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Individual Use Tax

Use tax is often due on out-of-state or out-of-country purchases which you bring or have delivered into Massachusetts.

Overview

Use tax is a 6.25% tax paid on out-of-state or out-of-country purchases that are used, stored or consumed in Massachusetts and on which no Massachusetts sales tax (or less than 6.25%) was paid.

Unlike the 6.25% sales tax, which is collected by sellers, use tax is generally paid directly to the state by the purchaser.

Individual use tax is due by April 15th of the following year after your purchase.

Motor vehicles, trailers, boats, recreational off highway vehicles, and snowmobiles

Unlike with the purchase of most items, (on which use tax is due by April 15th of the following year) use tax for these items are due by the 20th day of the following month after your purchase.

  • Motor vehicles
  • Trailers
  • Boats
  • Recreational off highway vehicles 
  • Snowmobiles

If you purchase these items outside of Massachusetts and bring them into Massachusetts within 6 months for permanent use, a use tax is due by the 20th day of the following month when it entered Massachusetts.

For example, if you purchased a motor vehicle in New Hampshire on January 1st and brought it into Massachusetts on June 30, a use tax would be due by July 20th.

After 6 months, the Department of Revenue may assert that a purchase is subject to use tax if it was always intended for use, storage or consumption in Massachusetts.

Keep in mind:

Generally, if you paid a sales tax of 6.25% or more to another state, you would not have to pay a use tax to Massachusetts. See TIR 03-1 for more information.

If you paid less than a 6.25% sales tax to another state you would owe the difference to Massachusetts if your vehicle was brought into Massachusetts for permanent use within 6 months.

If use tax is due on a motor vehicle or trailer purchased out-of-state or through a non-dealer sale, the tax must be paid to the Registry of Motor Vehicles. 

If you are not registering your vehicle, the use tax must be paid with Form ST-7R

Use tax on boats, snowmobiles or off-highway recreational vehicles must be reported and paid online with the ST-6 through MassTaxConnect or the paper Form ST-6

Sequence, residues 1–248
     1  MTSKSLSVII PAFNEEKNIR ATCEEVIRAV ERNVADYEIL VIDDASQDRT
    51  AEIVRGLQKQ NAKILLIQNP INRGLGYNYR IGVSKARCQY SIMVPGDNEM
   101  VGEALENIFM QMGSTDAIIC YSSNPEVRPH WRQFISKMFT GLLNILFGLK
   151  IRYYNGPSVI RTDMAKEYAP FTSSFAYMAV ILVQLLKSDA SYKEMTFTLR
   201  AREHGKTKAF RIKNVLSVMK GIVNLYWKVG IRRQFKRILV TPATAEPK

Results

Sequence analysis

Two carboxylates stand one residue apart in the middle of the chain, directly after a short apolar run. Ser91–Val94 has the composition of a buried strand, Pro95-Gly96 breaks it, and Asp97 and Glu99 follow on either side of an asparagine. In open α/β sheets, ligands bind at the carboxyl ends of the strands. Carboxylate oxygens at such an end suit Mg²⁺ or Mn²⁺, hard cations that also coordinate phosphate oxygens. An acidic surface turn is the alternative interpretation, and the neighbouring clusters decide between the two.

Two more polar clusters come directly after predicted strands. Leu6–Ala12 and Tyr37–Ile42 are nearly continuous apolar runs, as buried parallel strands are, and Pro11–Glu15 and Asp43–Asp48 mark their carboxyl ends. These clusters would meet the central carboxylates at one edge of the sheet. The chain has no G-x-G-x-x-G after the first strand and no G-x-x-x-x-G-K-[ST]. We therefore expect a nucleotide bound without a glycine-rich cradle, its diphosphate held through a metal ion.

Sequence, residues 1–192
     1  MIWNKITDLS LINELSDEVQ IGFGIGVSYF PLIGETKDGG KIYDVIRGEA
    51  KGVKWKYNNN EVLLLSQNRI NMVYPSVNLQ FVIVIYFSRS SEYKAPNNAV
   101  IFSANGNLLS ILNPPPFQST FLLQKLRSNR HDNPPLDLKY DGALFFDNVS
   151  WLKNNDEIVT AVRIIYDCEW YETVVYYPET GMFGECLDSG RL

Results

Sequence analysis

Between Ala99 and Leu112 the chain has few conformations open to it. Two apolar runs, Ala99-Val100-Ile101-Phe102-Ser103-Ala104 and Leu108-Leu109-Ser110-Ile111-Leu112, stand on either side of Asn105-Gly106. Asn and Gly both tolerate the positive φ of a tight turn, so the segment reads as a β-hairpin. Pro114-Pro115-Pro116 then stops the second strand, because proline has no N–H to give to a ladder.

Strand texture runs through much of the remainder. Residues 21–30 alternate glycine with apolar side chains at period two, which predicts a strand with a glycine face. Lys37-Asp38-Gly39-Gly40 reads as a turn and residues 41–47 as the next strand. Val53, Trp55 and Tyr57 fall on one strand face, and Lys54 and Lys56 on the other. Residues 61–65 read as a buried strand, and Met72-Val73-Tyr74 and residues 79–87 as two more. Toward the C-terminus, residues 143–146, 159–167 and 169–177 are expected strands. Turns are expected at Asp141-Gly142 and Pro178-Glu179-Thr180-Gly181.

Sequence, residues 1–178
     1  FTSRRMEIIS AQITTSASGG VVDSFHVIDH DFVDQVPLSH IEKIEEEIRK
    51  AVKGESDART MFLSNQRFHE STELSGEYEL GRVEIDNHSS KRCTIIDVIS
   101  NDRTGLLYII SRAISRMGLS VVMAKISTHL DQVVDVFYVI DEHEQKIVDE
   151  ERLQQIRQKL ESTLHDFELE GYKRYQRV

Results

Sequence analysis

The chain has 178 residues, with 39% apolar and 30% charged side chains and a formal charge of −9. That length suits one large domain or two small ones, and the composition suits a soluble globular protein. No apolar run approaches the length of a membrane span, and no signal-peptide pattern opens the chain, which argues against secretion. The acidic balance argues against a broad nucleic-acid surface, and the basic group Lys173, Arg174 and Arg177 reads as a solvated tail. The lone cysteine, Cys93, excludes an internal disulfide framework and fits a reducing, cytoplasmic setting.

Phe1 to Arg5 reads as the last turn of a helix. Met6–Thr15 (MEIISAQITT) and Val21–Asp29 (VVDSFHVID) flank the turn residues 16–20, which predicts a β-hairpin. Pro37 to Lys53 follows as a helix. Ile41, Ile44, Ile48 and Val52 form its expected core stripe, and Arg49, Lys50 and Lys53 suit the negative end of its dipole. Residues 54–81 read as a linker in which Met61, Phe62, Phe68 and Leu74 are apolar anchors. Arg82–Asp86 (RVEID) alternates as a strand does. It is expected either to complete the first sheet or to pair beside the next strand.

Report and paying individual use tax

Individuals may report and pay their use tax on their personal income tax return — Form 1 for residents or Form 1-NR/PY for part year residents. On either form, taxpayers may use the safe harbor method for purchases of items costing less than $1,000.

  • The safe harbor method provides for an estimated use tax amount based on income ranges.
  • Safe harbor reporting minimizes record keeping and taxpayers will not be assessed additional use tax if audited.
  • Use tax on any purchase of $1,000 or more must be added to the safe harbor amount.
  • Taxpayers may also report and pay use tax with Form ST-11, Individual Use Tax Return.
    • Effective January 1, 2017, a taxpayer filing Form ST-11 must file and pay electronically. Paper filings and payments will no longer be accepted.

See TIR 16-9, Expansion and Restatement of Electronic Filing and Payment Requirements for further information. 

Schedule C filers may not report use tax on business purchases together with their individual use tax on Form 1, Form 1-NR/PY or Form ST-11. Business use tax must be reported on the applicable sales tax return or on Form ST-10.

If you already paid a sales tax

Generally, if you paid a sales tax of 6.25% or more to another state, you would not have to pay a use tax to Massachusetts. See TIR 03-1 for more information.

If you paid less than a 6.25% sales tax to another state you would owe the difference (use tax) to Massachusetts. 

No credit is allowed for a sales tax or value-added tax (VAT) paid to another country, or for a local tax paid any city, town or county.

More use tax information

Massachusetts presumes that any tangible personal property purchased outside of Massachusetts and brought into the state within 6 months is for use, storage or consumption and is subject to the use tax. This presumption may be challenged by the purchaser. After six months, the Department of Revenue may assert that a purchase is subject to use tax if it was always intended for use, storage or consumption in Massachusetts.

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